• For safety, children should only have contact with puppies under the supervision of their parents or responsible adult. Where access to young children is not feasible, puppies should be exposed to the noises of babies and young children using good quality recordings
  • Prepare in advance any items which will help broaden puppies’ experience of people. For example, having a brightly coloured and rustling jacket (as worn by postmen or delivery people), a motorcycle helmet, a cap, a back-pack, a pushchair, a zimmer frame and an umbrella available will mean that puppies can people engaged in socialising the puppies can introduce puppies to items that they will commonly see associated with people as adults

Before you start 

  • Make sure the puppy is in a place he / she knows well
  • Have plenty of toys and treats
  • You should be able to recognise signs of anxiety in a puppy before starting the socialisation sessions, so you can withdraw if the experiences you are introducing to the puppy cause him/her to be frightened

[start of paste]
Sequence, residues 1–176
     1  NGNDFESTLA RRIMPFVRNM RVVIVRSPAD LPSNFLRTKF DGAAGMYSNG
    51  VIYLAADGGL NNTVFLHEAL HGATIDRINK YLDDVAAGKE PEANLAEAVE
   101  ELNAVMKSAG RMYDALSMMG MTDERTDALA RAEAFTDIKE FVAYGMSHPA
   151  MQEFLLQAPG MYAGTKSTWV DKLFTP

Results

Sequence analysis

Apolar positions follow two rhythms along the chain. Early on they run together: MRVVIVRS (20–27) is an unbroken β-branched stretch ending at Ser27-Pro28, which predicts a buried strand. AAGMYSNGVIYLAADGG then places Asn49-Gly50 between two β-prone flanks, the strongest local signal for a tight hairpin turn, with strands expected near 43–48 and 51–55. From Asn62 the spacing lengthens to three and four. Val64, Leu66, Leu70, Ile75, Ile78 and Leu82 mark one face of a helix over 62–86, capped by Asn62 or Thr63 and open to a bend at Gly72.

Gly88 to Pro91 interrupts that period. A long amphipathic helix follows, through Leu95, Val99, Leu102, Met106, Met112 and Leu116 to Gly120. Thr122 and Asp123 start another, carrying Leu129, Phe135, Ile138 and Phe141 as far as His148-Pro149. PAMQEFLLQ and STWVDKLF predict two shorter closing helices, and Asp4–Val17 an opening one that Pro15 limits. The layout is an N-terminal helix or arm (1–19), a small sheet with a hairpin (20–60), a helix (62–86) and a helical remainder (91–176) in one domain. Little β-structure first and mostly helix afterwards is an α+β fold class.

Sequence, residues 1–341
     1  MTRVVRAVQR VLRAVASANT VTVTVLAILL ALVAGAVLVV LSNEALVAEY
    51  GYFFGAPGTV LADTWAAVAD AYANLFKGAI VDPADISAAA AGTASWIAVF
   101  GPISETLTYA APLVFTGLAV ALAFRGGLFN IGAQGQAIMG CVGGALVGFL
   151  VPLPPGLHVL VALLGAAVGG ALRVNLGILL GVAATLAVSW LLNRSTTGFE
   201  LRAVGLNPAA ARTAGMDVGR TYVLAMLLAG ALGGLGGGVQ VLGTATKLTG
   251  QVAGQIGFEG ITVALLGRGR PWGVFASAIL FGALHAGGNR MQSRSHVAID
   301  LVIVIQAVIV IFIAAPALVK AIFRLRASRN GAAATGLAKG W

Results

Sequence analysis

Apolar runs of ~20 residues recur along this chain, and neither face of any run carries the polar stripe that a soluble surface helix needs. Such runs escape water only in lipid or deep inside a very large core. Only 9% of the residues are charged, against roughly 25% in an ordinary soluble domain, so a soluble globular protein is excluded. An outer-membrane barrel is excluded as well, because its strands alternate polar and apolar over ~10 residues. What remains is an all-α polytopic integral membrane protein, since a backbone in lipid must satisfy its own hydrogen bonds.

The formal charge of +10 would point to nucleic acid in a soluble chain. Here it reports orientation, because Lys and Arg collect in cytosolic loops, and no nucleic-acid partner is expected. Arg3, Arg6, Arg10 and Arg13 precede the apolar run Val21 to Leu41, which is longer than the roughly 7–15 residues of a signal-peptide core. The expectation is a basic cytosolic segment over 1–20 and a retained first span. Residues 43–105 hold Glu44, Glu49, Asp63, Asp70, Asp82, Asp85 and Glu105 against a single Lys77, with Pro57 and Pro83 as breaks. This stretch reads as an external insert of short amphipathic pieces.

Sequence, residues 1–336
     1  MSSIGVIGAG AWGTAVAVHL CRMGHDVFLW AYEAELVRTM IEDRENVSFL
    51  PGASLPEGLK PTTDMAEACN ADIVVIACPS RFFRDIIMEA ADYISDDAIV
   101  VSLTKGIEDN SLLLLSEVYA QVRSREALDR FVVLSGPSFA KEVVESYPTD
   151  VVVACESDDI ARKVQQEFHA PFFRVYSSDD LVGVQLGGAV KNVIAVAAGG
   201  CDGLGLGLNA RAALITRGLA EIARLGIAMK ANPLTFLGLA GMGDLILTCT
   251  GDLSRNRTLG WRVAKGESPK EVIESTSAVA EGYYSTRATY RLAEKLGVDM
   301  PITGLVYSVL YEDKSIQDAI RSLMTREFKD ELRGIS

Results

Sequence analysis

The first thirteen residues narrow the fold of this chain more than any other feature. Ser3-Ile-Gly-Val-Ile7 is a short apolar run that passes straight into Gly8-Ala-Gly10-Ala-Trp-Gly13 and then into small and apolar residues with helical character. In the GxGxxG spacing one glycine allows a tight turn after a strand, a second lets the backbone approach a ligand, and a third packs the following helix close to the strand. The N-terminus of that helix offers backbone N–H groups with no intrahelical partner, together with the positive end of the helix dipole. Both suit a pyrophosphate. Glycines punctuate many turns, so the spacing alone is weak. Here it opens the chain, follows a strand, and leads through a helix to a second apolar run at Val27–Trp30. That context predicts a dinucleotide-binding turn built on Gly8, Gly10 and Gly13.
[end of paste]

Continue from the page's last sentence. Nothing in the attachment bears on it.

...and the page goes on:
Socialisation to different types of people

  • Puppies should be familiar and confident with their main carer before the introduction of further people. This person should spend time playing and interacting with puppies until all of the puppies in the litter approach the carer voluntarily on entering the kennel / room. Where individual puppies show signs of fear or anxiety, such as cowering at the back of the pen, moving away, trembling, or pulling back on contact, they should be given additional attention. This should involve the carer being quiet and calm, crouching or sitting a short distance away from the puppy and encouraging the puppy to approach.
  • Approaches should be rewarded with food treats. Interaction with nervous puppies should develop with gentle stroking on the chest area: avoid putting the hand directly towards the puppy’s head as this may be perceived as threatening. With increased confidence, the puppy can be gradually stroked on the shoulder, back, flanks and head